RESEARCHERS are appealing for citizen scientists to take pictures of hail to help them create a warning system.
University of Queensland researcher Joshua Soderholm, of the School of Earth and Environmental Sciences, said they wanted pictures to compare with information from radars.
“We need a ground-truth to be able to compare our information with reality,” he said.
“The information the citizen scientists gather will be valuable for supplementing scientific data obtained from a UQ storm-chasing field campaign in south-east Queensland over the next few months.”
Dr Soderholm asked for people to take a picture of hail next to an object of a known size, such as a golf ball or credit card, or a ruler.
Hail forms when supercooled water droplets collide and freeze in the upper reaches of thunderstorm clouds.Dr Joshua Soderholm
“Safety is the number one priority so we need to stress that people must not walk outside in the middle of a dangerous hailstorm to take photos – they need to wait until the storm has well and truly passed.”
Dr Soderholm said hailstorms tended to affect areas to the west of Brisbane, with Greenbank and areas in the Scenic Rim often experiencing hail.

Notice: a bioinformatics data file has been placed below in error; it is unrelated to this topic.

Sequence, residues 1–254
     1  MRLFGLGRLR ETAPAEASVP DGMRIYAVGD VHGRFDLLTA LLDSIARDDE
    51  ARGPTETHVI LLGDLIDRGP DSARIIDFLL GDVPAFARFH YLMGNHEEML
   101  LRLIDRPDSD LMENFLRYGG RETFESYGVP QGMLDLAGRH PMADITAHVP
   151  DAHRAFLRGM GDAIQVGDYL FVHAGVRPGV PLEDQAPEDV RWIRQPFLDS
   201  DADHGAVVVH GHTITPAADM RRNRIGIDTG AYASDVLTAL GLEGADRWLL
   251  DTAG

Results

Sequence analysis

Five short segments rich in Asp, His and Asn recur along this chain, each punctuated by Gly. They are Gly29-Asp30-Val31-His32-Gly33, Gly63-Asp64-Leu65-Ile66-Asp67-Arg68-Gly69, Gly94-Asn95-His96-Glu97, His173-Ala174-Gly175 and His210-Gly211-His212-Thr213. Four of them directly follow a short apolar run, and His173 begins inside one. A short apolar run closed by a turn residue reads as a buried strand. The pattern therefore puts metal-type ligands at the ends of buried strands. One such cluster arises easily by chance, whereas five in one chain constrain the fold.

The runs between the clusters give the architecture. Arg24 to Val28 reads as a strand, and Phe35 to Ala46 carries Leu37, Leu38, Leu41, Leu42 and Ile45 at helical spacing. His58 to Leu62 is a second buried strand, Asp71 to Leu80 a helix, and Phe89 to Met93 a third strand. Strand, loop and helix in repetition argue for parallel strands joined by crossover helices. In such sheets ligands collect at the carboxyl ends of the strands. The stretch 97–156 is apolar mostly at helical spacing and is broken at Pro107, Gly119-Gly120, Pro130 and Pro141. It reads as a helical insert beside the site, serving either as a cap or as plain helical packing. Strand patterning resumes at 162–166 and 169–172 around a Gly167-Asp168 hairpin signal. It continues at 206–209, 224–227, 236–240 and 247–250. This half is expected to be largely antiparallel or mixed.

“The ranges are a trigger for storms in south-east Queensland.”
Dr Soderholm said the main hailstorm season started in October and peaked in late November.
The researchers would use mobile weather radar vehicles to collect pictures of the hailstorms and measure surface impact using hail and wind sensors.
Dr Soderholm said upgraded technology on the Bureau of Meteorology’s four capital city weather radars opened up potential for improving severe weather detection and warnings.
“Alongside the radar upgrades we are co-ordinating a science program to build better hail and wind algorithms for these radars and improve algorithms running across older radars in the network.”
“As we collect more and more data, we’ll be able to fine-tune and cross-check different algorithms to select those best performing in Australian conditions,” he said.
Brisbane’s worst hailstorm in 30 years occurred in 2014, leaving a damage bill of more than $1.3 billion.
Photographs of hail can be posted via the website uqhail.com or the Facebook page UQHail, or on Twitter using the hashtag #uqhail.